Dead and Dreaming

The news came on Thursday that my Great-Grandma had died.  I’d heard that she believed there wasn’t much time left to live, and it turns out she was right.

What a blessing it must be, to be so prepared to die.  If I thought I were going to die soon, the weight of everything I’d left undone would be crushing.  She was well into her 90’s, so maybe she felt there wasn’t much left to be done with her life.  Maybe it’s worse than I imagine- knowing that the great decisions of life all lay behind, rather than ahead.  It would be easy to lose one’s sense of purpose (which has nothing to do with age, it can happen to anyone).  Of course, it all depends on your perspective-  no matter how aged they become, some folks stay purpose-driven to their last day.

I find it interesting that so many people my age lose their sense of purpose.  After obtaining a diploma in whatever field was supposed to get you a good job, they can’t find work.  Maybe that’s why they so many of them get married- two people can give each other a sense of purpose, but I doubt the sustainability of such an arrangement.  There has to be more to a relationship than two rudderless people.

For my own part, I can’t articulate what my purpose is just yet.  There even be purposes; why limit myself to one thing?

In any case, my family has gotten just a bit smaller.  It’s difficult to grasp the loss of someone you haven’t seen for a long time- if I may make a blunt analogy, it’s like a tree losing a limb.  There’s only a dim awareness that something is different, and looking at the extant branches is proof that one is missing.

There was a death very close to my home this weekend, too.

A brother and sister were playing on an old conrete aquaduct a few hundred yards from my house.  I’d walked by the site several times; it’s on a small lane that is amazingly well-hidden within a developed city.  On Friday, the aquaduct collapsed, killed the sister and trapped the brother.  April and I were working in the yard when we heard the sirens go by, which is not at all uncommon since there’s a firestation about a half-mile from our house.  The sign that something was really wrong came roaring over the tops of the trees; a medical helicopter flew so close over our heads I could feel the force of the blades.

It touched down across the street in the schoolyard, as more police and firemen arrived.  I had no idea what had happened, but a crowd was gathering to watch the helicopter, and folks were exchanging rumors.  Evidently, there was a boy trapped somewhere.  A few minutes later, news helicopters appeared in the sky like giant locusts, and our neighbor was watching their live broadcast.  It was announced that a boy had been trapped beneath fallen concrete, and was being carefully extracted.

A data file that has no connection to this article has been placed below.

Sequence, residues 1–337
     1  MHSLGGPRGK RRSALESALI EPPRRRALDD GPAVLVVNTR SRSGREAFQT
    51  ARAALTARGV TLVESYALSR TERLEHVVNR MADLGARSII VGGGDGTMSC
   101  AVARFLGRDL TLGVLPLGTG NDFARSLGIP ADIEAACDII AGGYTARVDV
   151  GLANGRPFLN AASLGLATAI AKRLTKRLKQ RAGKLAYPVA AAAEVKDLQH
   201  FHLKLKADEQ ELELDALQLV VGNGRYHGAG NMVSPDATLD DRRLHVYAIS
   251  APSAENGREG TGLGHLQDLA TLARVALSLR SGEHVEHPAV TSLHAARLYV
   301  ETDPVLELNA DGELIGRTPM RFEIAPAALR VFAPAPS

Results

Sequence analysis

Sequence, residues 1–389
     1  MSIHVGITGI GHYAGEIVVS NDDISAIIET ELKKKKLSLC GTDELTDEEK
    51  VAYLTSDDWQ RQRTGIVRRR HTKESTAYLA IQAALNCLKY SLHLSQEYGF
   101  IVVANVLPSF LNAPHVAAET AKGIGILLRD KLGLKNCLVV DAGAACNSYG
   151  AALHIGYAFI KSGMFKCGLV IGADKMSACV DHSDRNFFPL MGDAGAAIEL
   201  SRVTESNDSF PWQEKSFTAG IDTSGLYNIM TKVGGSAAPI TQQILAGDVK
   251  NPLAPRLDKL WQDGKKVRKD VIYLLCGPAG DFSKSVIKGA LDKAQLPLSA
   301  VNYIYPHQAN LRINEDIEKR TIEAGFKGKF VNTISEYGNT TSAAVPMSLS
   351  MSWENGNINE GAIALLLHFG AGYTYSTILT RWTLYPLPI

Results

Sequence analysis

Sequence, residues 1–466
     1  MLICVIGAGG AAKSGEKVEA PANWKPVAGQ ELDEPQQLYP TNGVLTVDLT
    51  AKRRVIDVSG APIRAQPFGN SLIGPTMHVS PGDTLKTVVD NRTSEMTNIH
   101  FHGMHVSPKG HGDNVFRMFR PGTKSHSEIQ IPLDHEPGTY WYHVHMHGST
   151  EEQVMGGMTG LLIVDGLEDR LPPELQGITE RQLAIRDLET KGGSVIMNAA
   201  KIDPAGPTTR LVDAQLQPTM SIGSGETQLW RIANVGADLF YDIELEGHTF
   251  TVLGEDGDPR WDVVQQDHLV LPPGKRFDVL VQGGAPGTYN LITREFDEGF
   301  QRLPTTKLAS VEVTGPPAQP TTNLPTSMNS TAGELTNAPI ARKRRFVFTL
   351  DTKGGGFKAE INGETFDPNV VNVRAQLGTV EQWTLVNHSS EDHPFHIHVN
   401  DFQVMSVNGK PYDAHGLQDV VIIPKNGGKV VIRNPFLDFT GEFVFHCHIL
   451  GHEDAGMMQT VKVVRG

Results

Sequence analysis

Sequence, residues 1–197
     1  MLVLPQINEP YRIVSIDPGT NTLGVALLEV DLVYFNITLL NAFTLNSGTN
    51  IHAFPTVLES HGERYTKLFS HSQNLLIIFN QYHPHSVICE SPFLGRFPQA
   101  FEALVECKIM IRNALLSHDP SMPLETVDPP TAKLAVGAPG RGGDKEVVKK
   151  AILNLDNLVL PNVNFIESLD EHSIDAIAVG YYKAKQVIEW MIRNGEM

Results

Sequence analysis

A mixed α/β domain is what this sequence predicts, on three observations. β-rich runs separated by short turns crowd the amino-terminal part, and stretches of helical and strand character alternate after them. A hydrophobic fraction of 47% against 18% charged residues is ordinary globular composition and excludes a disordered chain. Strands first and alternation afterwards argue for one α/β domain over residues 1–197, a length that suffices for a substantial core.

Awhile later, we watched the medical helicopter lift off, the boy safely inside.  After observing the relative calm with which they transported and attended the stretcher, I suspected the boy was safe.  Elated by a successful rescue, April and I decided to take a ride that evening, so we set off into the cool evening air for a trip around  the city.

On the way home, we noticed that there was still a news helicopter hovering over the site of the accident, about 2 hours after we’d seen the boy safely lifted away.  Totally non-plused, we rode by the aquaduct, which was still teeming with rescue and police officers.

At home, we checked the news for updates.  Evidently, the boy had sister who was with him during the collapse- she was already dead when the rescuers arrived.

What a horrible realization it was.  Earlier, we were happy that the boy was safely rescued, and assumed that disaster had been averted.  Now, we still feel shock.  We’d walked by the aquaduct so many times, never giving it a thought.  Similarly, there are always kids outside playing in our neighborhood.  This is the way the world ought to be.

The aquaduct has since been completely destroyed, the damage done to the family immeasurable, and a cloud of malaise hangs over our neighborhood.  It’s not possible to completely grasp a tragedy like this, but the effects are usually much more salient.

What concerns me most is that parents will be even more restrictive with their kids.  Accidents make us consider what we would do if we were the victim, and I’m certain many parents are full of chagrin thinking about what could happen to their children.

Not being parent, I have a limited understanding of their thoughts.  As a human, I will say this much: I think a worse fate than death is a life of constant protection and insulation.  In this case, the child was playing outdoors with her sibling, not watching TV, playing video games, snacking, or any of the myriad things kids are accused of doing too much.  These were two kids enjoying life.

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